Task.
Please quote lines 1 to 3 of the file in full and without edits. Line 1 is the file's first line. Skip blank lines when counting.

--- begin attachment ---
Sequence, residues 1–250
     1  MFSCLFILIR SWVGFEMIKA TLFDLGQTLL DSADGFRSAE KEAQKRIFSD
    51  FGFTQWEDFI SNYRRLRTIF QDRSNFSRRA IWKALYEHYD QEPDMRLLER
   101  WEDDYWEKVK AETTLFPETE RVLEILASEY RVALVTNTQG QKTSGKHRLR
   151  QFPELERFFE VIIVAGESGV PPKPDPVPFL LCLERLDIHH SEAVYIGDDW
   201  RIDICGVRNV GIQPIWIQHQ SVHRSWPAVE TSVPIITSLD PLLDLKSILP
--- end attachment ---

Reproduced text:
Sequence, residues 1–250
     1  MFSCLFILIR SWVGFEMIKA TLFDLGQTLL DSADGFRSAE KEAQKRIFSD
    51  FGFTQWEDFI SNYRRLRTIF QDRSNFSRRA IWKALYEHYD QEPDMRLLER